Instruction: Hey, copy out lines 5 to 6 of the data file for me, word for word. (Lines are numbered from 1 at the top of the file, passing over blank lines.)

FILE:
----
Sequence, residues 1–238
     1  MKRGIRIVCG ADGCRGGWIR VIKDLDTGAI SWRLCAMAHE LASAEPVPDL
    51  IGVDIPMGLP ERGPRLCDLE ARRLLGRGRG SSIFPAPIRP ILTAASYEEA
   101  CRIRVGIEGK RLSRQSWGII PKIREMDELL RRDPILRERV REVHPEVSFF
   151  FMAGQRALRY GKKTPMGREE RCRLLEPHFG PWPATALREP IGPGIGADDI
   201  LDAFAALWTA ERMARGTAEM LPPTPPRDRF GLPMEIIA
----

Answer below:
   151  FMAGQRALRY GKKTPMGREE RCRLLEPHFG PWPATALREP IGPGIGADDI
   201  LDAFAALWTA ERMARGTAEM LPPTPPRDRF GLPMEIIA